count returns the number of items in the sequence.

```user=> (count [1 2 3])
3
```

nth returns an element from the sequence. Remember that the index of the first item is zero.

```user=> (nth [1 2 3] 1)
2
```

pop returns a sequence without one item. In lists, this is the first item; in vectors, it is the last.

```user=> (pop '(1 2 3))
(2 3)
user=> (pop [1 2 3])
[1 2]
```

peek returns one item from the sequence. In lists, this is the first item; in vectors, it is the last.

```user=> (peek '(1 2 3))
1
user=> (peek [1 2 3])
3
```

take returns the first n items in the sequence as a list.

```user=> (take 2 [1 2 3 4 5])
(1 2)
```

conj returns the sequence with one item added to it. In lists, the item is added to the beginning of the list; in vectors, it is added to the end.

```user=> (conj '(1 2 3) 4)
(4 1 2 3)
user=> (conj [1 2 3] 4)
[1 2 3 4]
```

into takes two sequences. It returns the results of calling `conj` on the first sequence with each item in the second sequence.

```user=> (into '(1 2 3) [4 5 6])
(6 5 4 1 2 3)
user=> (into [1 2 3] '(4 5 6))
[1 2 3 4 5 6]
```

You can see that different types of sequences share functions; that the functions do conceptually similar things; but that what exactly happens for each function- and sequence-type-combination may differ.

Also, note that vectors make it easy to add and remove items from the end of the list. Because of this, are ideal for storing the word while the stemmer processes it.

Mappings

A mapping is the same as a hash table in Perl or a dictionary in Python. Actually, just as Clojure has different types of sequences, it also has a couple of different types of mappings. Hash maps are the most common, and that is the one I’ll be referring to below.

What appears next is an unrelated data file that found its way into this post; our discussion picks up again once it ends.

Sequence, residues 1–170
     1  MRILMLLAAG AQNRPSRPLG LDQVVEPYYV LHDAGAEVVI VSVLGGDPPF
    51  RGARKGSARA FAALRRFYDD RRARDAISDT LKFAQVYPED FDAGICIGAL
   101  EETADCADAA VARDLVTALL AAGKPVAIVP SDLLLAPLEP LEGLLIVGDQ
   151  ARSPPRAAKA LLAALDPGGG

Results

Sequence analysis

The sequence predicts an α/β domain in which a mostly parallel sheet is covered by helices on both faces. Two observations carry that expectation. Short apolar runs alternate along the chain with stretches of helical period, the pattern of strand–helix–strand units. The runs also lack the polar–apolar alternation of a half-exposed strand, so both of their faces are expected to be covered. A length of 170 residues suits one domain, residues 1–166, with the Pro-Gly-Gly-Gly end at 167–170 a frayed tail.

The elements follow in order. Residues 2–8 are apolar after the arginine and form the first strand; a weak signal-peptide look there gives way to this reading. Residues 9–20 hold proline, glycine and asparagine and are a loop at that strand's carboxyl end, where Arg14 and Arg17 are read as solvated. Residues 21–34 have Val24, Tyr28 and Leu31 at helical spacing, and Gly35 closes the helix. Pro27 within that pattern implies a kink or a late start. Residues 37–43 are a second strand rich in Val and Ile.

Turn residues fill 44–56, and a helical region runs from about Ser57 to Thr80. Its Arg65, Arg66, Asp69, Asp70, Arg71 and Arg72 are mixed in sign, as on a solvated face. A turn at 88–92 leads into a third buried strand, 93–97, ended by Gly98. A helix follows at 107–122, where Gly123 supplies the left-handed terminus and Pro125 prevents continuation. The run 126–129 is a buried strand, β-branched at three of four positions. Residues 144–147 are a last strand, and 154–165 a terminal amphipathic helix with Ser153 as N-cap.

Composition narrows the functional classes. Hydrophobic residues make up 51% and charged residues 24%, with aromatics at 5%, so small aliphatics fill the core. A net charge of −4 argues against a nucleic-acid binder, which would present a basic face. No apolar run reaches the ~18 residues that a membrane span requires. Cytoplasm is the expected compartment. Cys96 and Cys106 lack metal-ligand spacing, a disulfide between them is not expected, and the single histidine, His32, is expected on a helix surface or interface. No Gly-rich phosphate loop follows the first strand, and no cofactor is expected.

Literals for hash maps use curly braces (`{` and `}`), and they don’t require any punctuation between keys and values or between key/value pairs. You can include a comma, but that’s whitespace and is just ignored. Notice that when Clojure prints the mapping, it adds the commas, because they make it easier to read. We’ll use them too for that reason.

```user=> {"a" 1 "the" 2 "but" 3}
{"a" 1, "but" 3, "the" 2}
```

hash-map also creates a mapping using a function.

```user=> (hash-map "a" 1 "the" 2 "but" 3)
{"a" 1, "but" 3, "the" 2}
```

assoc associates a key with a value in the mapping.

```user=> (assoc {"a" 1, "the" 2, "but" 3} "and" 4)
{"a" 1, "but" 3, "the" 2, "and" 4}
```

dissoc removes a key from the mapping.

```user=> (dissoc {"a" 1, "the" 2, "but" 3} "but")
{"a" 1, "the" 2}
```

count, like with sequences, returns how many key/value pairs are in the hash map.

```user=> (count {"a" 1, "the" 2, "but" 3})
3
```

For the next posting, I’ll introduce some more data types, and we’ll apply them to the stemmer.

#### 4 comments:

Anonymous said...

in "Vectors are conceptually similar to lists, except that they make it easy to add items to or remove items from the beginning of the vector."

did you intend to say end (instead of beginning)"?

..jim

Anonymous said...

in "Vectors are conceptually similar to lists, except that they make it easy to add items to or remove items from the beginning of the vector.",

did you intend 'end' (instead of 'beginning')

..jim

Eric Rochester said...

I sure did. Thanks.

Eric

Emeka said...
This comment has been removed by the author.